THE STORY - A father and his young daughter become trapped in the woods in a post-pandemic world.
THE CAST - Casey Affleck, Anna Pniowsky, Tom Bower & Elisabeth Moss
THE TEAM - Casey Affleck (Director/Writer)
THE RUNNING TIME - 119 Minutes
THE GOOD - Affleck brings a sure hand to his direction and writing to compliment his already proven acting chops in this solid debut. Anna Pniowsky is sensational.
THE BAD - The pacing can be a drag and for a post-apocalyptic film, some might be turned off by the lack of action.
THE OSCARS - None
THE FINAL SCORE - 7/10
Read the FULL REVIEW
By Bianca Garner
Casey Affleck’s debut film “Light Of My Life” opens with many similarities to Debra Granik’s “Leave No Trace,” with a daughter called Rag (Anna Pniowsky) and her father (Affleck) living in the wilderness, away from civilization, and any potential threat. Only there’s something odd about their situation, the girl is dressed like a boy, her hair is cut short and when an old man stumbles onto their camp, her father tells her to hide. There’s a sense of danger if Rag would reveal to others that she is, in fact, a girl, but is this just the father’s paranoia or is there a real threat to her life?
Slowly the reason for the father’s overprotectiveness is revealed as the reality of the situation is revealed through small snippets of information. After being told a story involving two foxes who are separated by Noah's Ark, Rag replies back that she is the last of her species, and perhaps she is. Several years ago, a deadly virus spread across the globe only affecting women, and in a series of brief flashbacks, we discover that Rag’s mother (played by Elizabeth Moss) succumbed to the disease. Somehow, Rag is immune to the virus and left to survive in a nightmarish patriarchy.
The gravity of the situation is that with the loss of the female population, society has essentially broken down into sheer lawlessness and unrest. As Affleck’s character describes it, there has been a total loss of balance in the world. The threat is real, some men will hurt Rag in the foulest of ways. There are rumors of women living in underground bunkers to avoid being found and being brutally raped. Chillingly, it is revealed that baby girls are being farmed in laboratories to avoid the human population from dying out. The film evolves into a struggle to keep one step ahead and to survive at all costs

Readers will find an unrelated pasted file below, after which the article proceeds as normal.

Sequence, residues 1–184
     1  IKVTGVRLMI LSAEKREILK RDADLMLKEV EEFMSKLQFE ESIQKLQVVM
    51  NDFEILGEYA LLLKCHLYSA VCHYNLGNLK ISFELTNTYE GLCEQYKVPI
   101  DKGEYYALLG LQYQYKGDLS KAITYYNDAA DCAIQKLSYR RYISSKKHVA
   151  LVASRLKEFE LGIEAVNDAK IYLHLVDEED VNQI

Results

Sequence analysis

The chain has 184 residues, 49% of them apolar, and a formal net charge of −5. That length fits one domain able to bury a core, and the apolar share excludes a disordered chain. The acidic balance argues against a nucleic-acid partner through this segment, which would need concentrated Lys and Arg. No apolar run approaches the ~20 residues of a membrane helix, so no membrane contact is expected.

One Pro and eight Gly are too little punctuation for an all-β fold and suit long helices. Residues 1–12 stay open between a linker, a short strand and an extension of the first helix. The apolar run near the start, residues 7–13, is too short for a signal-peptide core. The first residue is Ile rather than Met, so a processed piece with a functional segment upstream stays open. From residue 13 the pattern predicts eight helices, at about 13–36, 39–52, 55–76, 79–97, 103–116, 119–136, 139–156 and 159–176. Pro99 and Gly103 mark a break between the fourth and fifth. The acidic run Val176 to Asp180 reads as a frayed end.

“Light Of My Life” feels like the faithful adaptation of a classic dystopian novel that never was. Its narrative and premise are very reminiscent of the likes of Margret Attwood’s “The Handmaid’s Tale,” or Cormac McCarthy’s “The Road,” or even P.D.James’ “Children of Men,” all of which have been adapted to the big screen. However, “Light Of My Life” is an original screenplay penned by Affleck, and while its story of a father trying to protect their offspring in a dystopian world has been explored before, Affleck does enough to keep the premise fresh and innovative, with the story focusing mostly on how a single father must cope with his daughter’s inevitable journey into womanhood.
One gets the sense that this is a very personal film for Affleck who apparently wrote the script at during his divorce. There’s a deep sense of sadness and loss that resonates throughout the film and at times it feels slightly too deary. However, it’s not all doom and gloom as there’s much to enjoy here. Affleck proves himself as a very capable director as well as delivering a stellar performance. It's his co-star Anna Pniowsky, who really shines here, and her performance reminds the audience of Tatum O’Neal role in “Paper Moon.”
The film works best when we witness the intimate and very human interactions between the two leads. Affleck has clearly adopted David Lowery’s approach to storytelling by allowing long scenes to unfold in front of the camera, and avoid the reliance on editing and close-ups. Like Lowery’s “A Ghost Story” (in which Casey Affleck starred in), “Light Of My Life” is a slow, steady burner but we never feel frustrated by the lack of action. This is very much a character-driven story, and when the violence and action finally erupts on the screen it’s shocking and brutal, reminiscent of Lynne Ramsay’s “You Were Never Really Here.” However, the action feels a little disjointed, and it's hard to follow in the dimly lit setting, with Affleck’s decision to use natural light sources.
Other highlights include Adam Arkapaw’s beautiful cinematography that manages to capture the vast natural beauty of the wilderness and the nightmarish dystopian urban setting when Rag and her father wander into town. Daniel Hart’s score is eerie and haunting, which suit the film’s scenario perfectly. Hart scored David Lowery’s “Ain’t Them Bodies Saints” (in which Affleck also starred in) as well as “A Ghost Story,” so it only seems natural that he would compose the music for Affleck’s debut.
Overall, Affleck has proven himself to be a more than capable director with this very fine debut film. Yes, at times the film’s pacing feels a little bit of a drag and some viewers may be frustrated by the lack of action, but this is a very beautiful and touching film with an astonishing and breathtaking performance from Anna Pniowsky. Personally speaking, I’m looking forward to seeing more from both Affleck as a director and Pniowsky as an actor.